Gary Tierney, MD HP Ireland, discusses trends for 2019 So, what is in store for 2019? It looks to be an important year for the Irish tech industry, building on the trends of 2018. Technology will continue to disrupt industries far and wide and key aspects of everyday life and business will be revolutionised, impacting
Gary Tierney, MD HP Ireland, discusses trends for 2019
So, what is in store for 2019? It looks to be an important year for the Irish tech industry, building on the trends of 2018. Technology will continue to disrupt industries far and wide and key aspects of everyday life and business will be revolutionised, impacting the workplace, manufacturing, sustainability, and security.
Our personal and professional lives are blending into what we call ‘One Life’. Employees expect flexibility from their job and the number of people choosing to work remotely has risen significantly in recent years. Currently, it is estimated that over 216,000 Irish employees work remotely on a permanent basis, while 78 percent of Irish businesses now have some kind of a remote-working policy in place.
As more people choose to work from home, there will be a greater need for home devices to be compelling from a design perspective but have the power and functionality required to complete business tasks. Devices like laptops and home printers will need to be high-functioning enough to support business needs, while also having the capability to integrate seamlessly into the home environment.
For example, HP’s recently launched, leather-bound Spectre Folio accommodates stunning design alongside the performance of a premium laptop. With remote working likely to rival fixed office locations by 2025, we will see more devices that balance consumer design with professional productivity come to market across 2019.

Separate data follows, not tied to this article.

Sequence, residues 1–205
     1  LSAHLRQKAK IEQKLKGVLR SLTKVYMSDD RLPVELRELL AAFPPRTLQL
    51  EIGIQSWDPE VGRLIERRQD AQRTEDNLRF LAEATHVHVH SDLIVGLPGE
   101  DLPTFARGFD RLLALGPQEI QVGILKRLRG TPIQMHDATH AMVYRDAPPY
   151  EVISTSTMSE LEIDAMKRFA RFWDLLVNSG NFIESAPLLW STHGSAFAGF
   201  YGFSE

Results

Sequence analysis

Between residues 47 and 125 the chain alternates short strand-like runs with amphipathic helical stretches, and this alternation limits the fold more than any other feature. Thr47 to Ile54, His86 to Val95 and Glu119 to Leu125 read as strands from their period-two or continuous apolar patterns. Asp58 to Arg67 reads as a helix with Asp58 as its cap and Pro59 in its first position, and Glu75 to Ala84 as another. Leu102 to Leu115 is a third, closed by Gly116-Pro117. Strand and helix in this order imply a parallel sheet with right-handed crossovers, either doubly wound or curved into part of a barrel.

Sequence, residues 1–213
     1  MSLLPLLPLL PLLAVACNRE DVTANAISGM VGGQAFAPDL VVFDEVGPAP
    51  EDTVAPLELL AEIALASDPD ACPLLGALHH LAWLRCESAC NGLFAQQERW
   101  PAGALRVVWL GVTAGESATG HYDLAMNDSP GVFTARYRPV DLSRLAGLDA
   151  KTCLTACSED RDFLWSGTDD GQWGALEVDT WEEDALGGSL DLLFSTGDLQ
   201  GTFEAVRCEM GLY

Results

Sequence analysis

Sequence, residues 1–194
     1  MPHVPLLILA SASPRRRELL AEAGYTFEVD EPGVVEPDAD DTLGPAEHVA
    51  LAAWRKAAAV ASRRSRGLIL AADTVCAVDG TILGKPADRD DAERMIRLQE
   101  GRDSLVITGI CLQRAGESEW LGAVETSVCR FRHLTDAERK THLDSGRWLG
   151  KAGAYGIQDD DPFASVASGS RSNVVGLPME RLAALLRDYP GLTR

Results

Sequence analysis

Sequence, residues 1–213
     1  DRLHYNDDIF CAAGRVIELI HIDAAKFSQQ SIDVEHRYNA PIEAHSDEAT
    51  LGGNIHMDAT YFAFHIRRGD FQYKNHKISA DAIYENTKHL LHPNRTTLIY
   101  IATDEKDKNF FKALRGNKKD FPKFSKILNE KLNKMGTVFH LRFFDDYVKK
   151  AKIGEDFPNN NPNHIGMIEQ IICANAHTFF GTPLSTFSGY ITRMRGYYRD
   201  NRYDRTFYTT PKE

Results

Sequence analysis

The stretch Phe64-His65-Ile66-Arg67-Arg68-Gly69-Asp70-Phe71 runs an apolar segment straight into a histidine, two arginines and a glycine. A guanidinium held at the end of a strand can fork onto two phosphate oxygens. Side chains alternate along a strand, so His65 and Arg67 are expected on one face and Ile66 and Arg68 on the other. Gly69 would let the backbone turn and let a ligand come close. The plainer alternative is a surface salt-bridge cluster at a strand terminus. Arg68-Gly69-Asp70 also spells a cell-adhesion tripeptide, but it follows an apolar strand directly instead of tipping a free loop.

In terms of the manufacturing sector, it is 3D printing that poses the most exciting opportunity.
3D printing is changing everything we know about industrial production: how we conceive, design, produce, distribute and consume just about every product on earth. Generating a whole new model of industrial production, 3D printing is turning the world’s $12-trillion manufacturing industry on its head.
We are already seeing more uses for 3D printing in the automotive, transport, industrial, medical and consumer markets. It is updating manufacturing for today’s hyper-connected, digital economy – while bringing back the benefits of long-disused methods.
In 2019, 3D printing, along with analytics and virtual technology, will continue to impact industry and manufacturing by shortening production processes and supply chains.
While 3D printing provides a solution for businesses wanting to reduce their production timelines, it could also benefit them in terms of increasing their level of sustainability by allowing flexible, on-location and on-demand production that leads to lower emissions during the production process.
It is also becoming more common for businesses to factor sustainability into business deals, and we expect sustainability initiatives to move from being a differentiator in business tenders to becoming an expectation.
More and more businesses are also looking for efficiencies and are moving to circular, low-carbon business models. Last year alone, HP saw a 38% year-on-year increase in deals where sustainability was a requirement – and we expect that to continue growing in 2019.
Unfortunately, cyberattacks in Ireland have more than doubled in the past year instances of phishing scams, ransomware, and malware attacks have exposed the vulnerabilities of ICT, elevating cyber security or lack thereof, to the national agenda.
One of the biggest threats facing Irish businesses is the security risk posed by IoT and unsecured devices. It is predicted that by the year 2020, more than 20 billion devices will be connected to the internet and every one of those devices creates a potential entry point for hackers.
As more Irish people look to work from home, expectations around end-point security for 2019 are particularly high. Unprotected printers and laptops can act as trojan horses, and with cybercrime forecast to amount to $6 trillion in 2019, it’s clear that ensuring your organisation’s ecosystem is secure will be vitally important.